18 December 2022

Want to steal a pram park? Thanks for ruining Christmas

| Claire Fenwicke
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Pram spaces at a shopping centre

Some parents might consider it a cardinal sin if you park in a pram space when you have no children. Photo: Canberra Drivers Facebook.

It all started with a post to the Canberra Drivers Facebook page.

“Why is it acceptable to park in parents with prams without a baby? It’s hard to get a baby in and out of the car let alone get through the car park. The owner of this car ran away when I asked if he had a pram,” the poster said.

Cue hundreds (and I mean hundreds) of comments – some outraged at the driver and some outraged at the poster, telling them to “get over it” and “I handled it in my day”.

I’m probably asking for it by weighing in, but as a mother of two small children, worrying about drivers in car parks is a frequent concern.

Think about the behaviour of some people you see in a car park: no posted sign limit so I can go as fast as I like! I’m driving really slowly in a confined space, better check my phone!

Add into the mix two two-year-old children who aren’t the biggest fans of holding hands, and maybe you can see why I’d be worried.

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Pram parks aren’t legally enforceable – they’re actually just a nice thing shopping centres do.

But given that our cars keep getting larger and broader while our car spaces seem to stay the same size, it’s increasingly difficult to safely get your children in and out of prams, particularly if you have more than one child.

Do you leave the pram containing one child at the back of your car while loading the other one in? At least drivers can see the pram, but there’s a chance the entire contraption could be run over by someone who’s distracted or going too fast.

How about putting the pram in the space next to your car (if there is one)? This means the child in the pram still stays in sight, but if someone suddenly turns into the park, you’re in a bit of a pickle.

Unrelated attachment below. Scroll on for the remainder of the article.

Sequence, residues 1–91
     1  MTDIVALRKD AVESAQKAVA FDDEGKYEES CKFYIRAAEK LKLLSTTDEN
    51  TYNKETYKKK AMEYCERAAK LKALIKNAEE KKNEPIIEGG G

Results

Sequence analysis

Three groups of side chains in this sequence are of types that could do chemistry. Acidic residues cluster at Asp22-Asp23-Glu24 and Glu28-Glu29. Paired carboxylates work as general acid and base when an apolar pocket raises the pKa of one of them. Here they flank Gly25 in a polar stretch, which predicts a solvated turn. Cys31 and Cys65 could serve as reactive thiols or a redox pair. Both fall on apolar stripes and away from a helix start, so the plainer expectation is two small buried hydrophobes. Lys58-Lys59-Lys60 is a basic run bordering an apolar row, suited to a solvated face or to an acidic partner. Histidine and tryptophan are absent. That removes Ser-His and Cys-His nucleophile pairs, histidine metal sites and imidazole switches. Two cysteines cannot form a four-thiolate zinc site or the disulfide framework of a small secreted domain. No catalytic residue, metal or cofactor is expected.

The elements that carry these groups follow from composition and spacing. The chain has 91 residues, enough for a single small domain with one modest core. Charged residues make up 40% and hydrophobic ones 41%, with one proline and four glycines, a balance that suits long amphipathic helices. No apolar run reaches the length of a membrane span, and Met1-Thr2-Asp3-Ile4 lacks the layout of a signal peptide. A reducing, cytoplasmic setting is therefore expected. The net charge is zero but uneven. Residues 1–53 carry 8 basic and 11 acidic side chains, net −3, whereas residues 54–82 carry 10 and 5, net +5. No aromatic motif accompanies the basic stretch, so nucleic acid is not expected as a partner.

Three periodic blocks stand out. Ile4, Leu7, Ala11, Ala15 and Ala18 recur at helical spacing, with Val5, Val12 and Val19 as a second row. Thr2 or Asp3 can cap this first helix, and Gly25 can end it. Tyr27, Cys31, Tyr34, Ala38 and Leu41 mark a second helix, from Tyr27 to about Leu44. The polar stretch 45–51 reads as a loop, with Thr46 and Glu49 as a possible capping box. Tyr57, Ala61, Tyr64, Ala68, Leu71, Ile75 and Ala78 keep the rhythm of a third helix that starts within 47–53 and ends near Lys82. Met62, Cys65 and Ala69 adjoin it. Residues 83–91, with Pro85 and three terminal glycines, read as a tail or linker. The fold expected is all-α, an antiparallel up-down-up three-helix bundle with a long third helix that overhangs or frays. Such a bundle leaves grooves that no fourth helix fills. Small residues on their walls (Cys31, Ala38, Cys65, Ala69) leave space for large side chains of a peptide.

Plus, if your toddler decides to become possessed while strapping them into the car seat, having extra space on either side of your vehicle so you can wrench the doors open and hold them down isn’t a bad thing either.

And don’t get me started if you have babies in a capsule – unless you can open the car door the whole way, forget about parking there.

On one of the rare occasions both (!) children agreed to stay in the pram while out and about. Photo: Claire Fenwicke.

As one commenter on the aforementioned Facebook post said, pram parks aren’t just beneficial to those with children: “I’m a single guy, no kids, and I love these parks…! I don’t park in them or near them, as I don’t want parents/kids opening their doors into my car,” he said.

“More of these spaces please, so our cars are protected…! Haha.”

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Personally, I always cheer when there’s a pram park available where I’m going. It also means I can quickly high-tail it out of the vicinity if my kids have decided they’ve had enough – and it means the screaming stops sooner for everyone else.

This time of year can be particularly stressful as parents and carers try to get Christmas shopping done.

You can’t leave your kids at home with a bowl of water as you run these errands. Depending on your situation, you may not have a partner, friend or other family member to help you out.

Throw into the mix the excitement of Christmas decorations, lollies in aisles at pram height and heightened stress levels for mum or dad, and you’ve got a recipe for full-blown toddler meltdowns.

What I wouldn’t have given the other weekend to be parked close to the exits in a wider pram spot as one child screamed his head off after meeting Santa, and the other cried because I didn’t buy her a toy she spotted in a shop window.

So next time you think about pulling into a pram park, spread the Christmas spirit and save it for someone with a pram.

You just might make their entire day.